The People Behind The Film
We have a confession to make. We have a bit of a soft spot for Theresa Varga. She’s about as pretentious as an Abrams M1 Main Battle Tank but a lot more cheerful. A grin and a chirpy smile are rarely absent from her face. The smile may be a mask (more about that later), but there is also the small matter of a huge talent and a dynamic, imaginative approach to film making that is both visually and dramatically enticing. So, we make no apologies for featuring her outstanding, and gloriously quirky ‘Mustard’, a mere two months after we had already posted ‘YouTroll’. Both films involved the creative input of Nathan Bryon , but ‘Mustard’ was far more weighted to Theresa’s inspiration. Underneath the nervous energy and open visage there is nonetheless a hint of something tough and unyielding. I imagine that her set is all bonhomie, jokes and banter, but everything still kept to a tight schedule, and everyone conscious whenever she is speaking.
There’s something you want to retain about being northern
Raised in a “really shitty town” in Yorkshire (that she can’t help but love anyway), in a family of five sisters and one brother (by parents with no artistic leanings), is not the most obvious route to movie success (which surely must come). While at school she suffered from bullying and became isolated from the other pupils. This experience is now informing her work and, especially, the characters. Theresa’s school life wasn’t happy, and she spent most of the time being anywhere other than in school. It was how she could get away from the “pressures of other kids!” She moved to London to study at the London College of Fashion where she eventually elected to study fashion journalism. While on the course, she realised that she actually hated fashion, but loved the broadcast element, and booked herself on to the film making course at Ravensbourne College in Greenwich (the one in London, where time begins and ends – effectively the centre of the universe). Suddenly finding herself in a stimulating environment where everyone is both incredibly competitive yet, at the same time, supportive, helped confirm that she had made the right choices. Mustard was her final graduation film, and immediately gained attention at the festivals it entered. It won the Ideas Tap Showcase in association with BAFTA whose judges lauded its “whimsical and visually eccentric” style. At the New York No Limits Film Series End of Year Summit, her film was highlighted and she took Q & A’s at the screening with some of Hollywood’s top directors. So, suck on that Doncaster.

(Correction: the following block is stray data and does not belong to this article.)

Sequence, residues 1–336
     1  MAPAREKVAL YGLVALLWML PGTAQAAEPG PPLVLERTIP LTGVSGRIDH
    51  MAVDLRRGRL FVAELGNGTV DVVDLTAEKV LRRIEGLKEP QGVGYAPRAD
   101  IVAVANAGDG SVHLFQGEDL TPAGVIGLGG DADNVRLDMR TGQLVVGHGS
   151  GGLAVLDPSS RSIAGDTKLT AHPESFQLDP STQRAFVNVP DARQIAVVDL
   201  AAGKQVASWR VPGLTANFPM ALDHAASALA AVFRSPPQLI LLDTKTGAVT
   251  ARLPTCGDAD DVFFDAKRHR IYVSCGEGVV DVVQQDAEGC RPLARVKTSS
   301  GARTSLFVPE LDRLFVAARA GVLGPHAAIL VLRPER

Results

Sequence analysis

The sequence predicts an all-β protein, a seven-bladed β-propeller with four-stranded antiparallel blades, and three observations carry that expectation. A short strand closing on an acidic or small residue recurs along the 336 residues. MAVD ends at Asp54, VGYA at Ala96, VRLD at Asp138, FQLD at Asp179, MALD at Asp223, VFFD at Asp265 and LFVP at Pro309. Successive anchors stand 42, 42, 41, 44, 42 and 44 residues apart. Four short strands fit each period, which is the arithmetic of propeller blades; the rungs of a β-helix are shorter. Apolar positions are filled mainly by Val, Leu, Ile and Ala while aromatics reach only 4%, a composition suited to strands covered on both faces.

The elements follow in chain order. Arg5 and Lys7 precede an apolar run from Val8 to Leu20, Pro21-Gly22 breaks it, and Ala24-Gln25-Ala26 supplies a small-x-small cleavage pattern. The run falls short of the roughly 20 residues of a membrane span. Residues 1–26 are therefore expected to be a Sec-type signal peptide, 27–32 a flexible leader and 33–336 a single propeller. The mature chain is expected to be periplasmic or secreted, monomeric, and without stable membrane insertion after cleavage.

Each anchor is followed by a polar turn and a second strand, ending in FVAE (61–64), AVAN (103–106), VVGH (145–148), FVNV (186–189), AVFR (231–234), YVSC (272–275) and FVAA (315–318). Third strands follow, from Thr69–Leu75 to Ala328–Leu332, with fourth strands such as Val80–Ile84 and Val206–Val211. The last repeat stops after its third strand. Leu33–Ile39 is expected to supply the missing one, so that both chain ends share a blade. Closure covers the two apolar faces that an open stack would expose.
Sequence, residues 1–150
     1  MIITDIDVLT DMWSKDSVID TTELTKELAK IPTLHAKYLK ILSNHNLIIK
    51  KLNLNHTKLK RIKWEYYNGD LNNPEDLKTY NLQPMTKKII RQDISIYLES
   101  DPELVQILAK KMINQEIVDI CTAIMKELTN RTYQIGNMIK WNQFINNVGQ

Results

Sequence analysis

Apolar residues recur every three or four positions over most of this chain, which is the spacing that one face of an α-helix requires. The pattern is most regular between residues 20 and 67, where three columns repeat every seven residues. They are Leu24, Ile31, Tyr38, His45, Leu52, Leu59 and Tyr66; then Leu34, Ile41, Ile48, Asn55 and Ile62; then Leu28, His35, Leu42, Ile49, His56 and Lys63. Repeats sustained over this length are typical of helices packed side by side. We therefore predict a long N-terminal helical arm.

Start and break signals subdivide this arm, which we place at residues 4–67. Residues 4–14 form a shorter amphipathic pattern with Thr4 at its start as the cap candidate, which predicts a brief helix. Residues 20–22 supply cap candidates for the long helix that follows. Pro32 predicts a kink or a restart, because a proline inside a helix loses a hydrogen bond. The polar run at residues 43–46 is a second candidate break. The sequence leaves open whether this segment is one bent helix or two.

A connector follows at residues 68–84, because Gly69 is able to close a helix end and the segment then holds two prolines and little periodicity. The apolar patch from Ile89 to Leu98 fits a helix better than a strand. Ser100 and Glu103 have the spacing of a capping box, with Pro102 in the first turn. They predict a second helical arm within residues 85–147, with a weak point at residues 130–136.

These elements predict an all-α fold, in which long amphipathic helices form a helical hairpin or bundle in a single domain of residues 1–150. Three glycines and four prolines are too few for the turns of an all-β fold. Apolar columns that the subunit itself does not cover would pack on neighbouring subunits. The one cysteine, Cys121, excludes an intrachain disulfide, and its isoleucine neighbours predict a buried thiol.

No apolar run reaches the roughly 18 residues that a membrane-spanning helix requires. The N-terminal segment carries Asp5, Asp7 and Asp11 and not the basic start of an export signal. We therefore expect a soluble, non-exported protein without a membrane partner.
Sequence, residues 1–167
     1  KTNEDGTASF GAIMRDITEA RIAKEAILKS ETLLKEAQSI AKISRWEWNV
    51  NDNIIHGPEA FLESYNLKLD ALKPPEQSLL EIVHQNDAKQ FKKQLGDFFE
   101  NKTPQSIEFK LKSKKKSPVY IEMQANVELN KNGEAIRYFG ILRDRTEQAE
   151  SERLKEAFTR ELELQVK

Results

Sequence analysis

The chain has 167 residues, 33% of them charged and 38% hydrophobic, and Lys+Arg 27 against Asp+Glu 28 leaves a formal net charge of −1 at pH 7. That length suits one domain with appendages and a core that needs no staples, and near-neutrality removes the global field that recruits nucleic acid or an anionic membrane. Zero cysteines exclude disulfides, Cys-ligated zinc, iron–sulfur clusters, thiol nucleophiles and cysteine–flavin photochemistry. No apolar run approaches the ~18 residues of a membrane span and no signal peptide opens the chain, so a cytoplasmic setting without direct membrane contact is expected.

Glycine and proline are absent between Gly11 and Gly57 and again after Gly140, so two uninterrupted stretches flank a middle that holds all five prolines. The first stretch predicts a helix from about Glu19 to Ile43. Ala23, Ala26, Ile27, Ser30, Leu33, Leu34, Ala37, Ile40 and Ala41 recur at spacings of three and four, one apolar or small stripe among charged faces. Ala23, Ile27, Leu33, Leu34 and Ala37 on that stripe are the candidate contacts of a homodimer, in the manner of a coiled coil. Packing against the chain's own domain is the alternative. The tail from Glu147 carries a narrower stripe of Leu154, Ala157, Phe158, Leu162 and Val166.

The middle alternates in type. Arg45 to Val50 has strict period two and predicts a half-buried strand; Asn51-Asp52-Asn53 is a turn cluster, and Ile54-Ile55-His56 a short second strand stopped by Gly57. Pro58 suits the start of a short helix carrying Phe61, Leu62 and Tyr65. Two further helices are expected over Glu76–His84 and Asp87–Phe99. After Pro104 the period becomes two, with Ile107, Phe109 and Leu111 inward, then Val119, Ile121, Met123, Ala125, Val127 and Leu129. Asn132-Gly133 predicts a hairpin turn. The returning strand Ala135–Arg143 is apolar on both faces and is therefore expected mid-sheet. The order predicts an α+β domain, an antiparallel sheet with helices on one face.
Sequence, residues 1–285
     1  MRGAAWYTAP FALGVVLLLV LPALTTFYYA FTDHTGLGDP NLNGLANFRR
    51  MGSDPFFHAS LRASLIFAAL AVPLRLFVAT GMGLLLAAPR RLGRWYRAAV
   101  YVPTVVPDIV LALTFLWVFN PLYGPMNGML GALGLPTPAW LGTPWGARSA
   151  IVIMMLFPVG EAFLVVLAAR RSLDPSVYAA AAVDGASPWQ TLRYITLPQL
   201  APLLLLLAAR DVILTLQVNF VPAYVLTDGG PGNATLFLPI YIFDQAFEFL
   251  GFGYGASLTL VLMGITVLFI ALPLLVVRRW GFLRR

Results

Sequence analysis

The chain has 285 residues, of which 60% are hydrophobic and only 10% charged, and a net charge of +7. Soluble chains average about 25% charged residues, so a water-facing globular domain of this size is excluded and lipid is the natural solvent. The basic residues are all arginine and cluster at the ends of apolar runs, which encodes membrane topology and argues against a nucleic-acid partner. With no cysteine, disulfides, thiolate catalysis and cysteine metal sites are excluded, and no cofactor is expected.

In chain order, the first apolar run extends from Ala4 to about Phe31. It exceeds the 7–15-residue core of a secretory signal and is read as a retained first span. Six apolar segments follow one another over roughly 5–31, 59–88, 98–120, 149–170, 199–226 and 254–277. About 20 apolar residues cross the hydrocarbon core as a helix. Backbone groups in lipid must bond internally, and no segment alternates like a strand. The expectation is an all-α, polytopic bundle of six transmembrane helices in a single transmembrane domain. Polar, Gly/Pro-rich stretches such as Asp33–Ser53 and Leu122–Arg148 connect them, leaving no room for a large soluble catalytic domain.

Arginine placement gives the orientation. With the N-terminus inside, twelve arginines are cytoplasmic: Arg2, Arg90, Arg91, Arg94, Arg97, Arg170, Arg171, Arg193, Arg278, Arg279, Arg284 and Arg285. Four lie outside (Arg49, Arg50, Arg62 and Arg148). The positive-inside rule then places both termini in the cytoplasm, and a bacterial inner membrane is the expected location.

The character was very OCD, so I wanted the film to be OCD as well
Theresa finds inspiration everywhere, particularly the Route 39 Putney to Clapham bus. She’ll sit there and look out the window and start daydreaming. What on earth she saw that could have made Mustard pop into her head, I don’t know. It is a quietly disturbing film, in which innocence has been corrupted, murder done and eggs broken. It started out as a simple tale for Theresa, but she came to realise that she needed to give more depth to the characters as the story was being written. To do this, she wrote complete back stories for the characters (most of which aren’t in the film). She feels these helped inform the performances. Her influences are obvious and the symmetry of the film combined with the highly stylised 1970’s setting evoke a world that is both fantastic and familiar. If Wes Anderson is looking for a protégée, here she is.
You have to trust the people you’re working with [creatively]
Theresa specialised in editing at first, but has since become far more excited by directing. However, she feels that the editor’s eye really helps to save time on set, knowing exactly what shots will be needed, and how a scene can cut together. Although she shoots to edit, she is also aware that on camera accidents can be gold dust to the story. A believer that everyone, both on and off set, can have a creative input to the project, means that she is able to delegate. She allowed the editor, Mdhamiri Á Nkemi, to run through the first cut without any supervision to see what he came up with. Then she started to give notes where she felt it was necessary and finally they sat together in the studio for the finishing touches. As mentioned in our previous interview for ‘YouTroll’, Theresa has learnt to find a natural rhythm to her editing and she likes to find ways to make the editing impact our subconscious.
Couples writing together… it’s a test of your relationship.
Theresa is good with ideas and the visualisation of them, but admits that she struggles with writing dialogue. So it’s handy having a scriptwriter as a boyfriend, and Nathan’s input was crucial to get the dialogue working. But don’t go thinking that all is harmony, light and cultural conversations in the Varga / Bryon household. They had serious arguments about how the character should be speaking. Nathan would write dialogue and Theresa would say something like: “Are you mad?! Penelopy would never speak like that, for chrissake.” (Just guessing here). “He probably hated me after every writing session,” says Theresa, “but I think we came up with a good product.” Her next project is called ‘The Salon’ and is the kind of film that will definitely cause a sensation when it comes out. It is again a film that has its roots in her past, and has as its theme the insecurities of being a young girl in an age of “perfection.” As ever, all she needs is a little money. So, if there are any producers out there wanting to speed Theresa’s career into the stratosphere – get in there now. Before you miss the boat.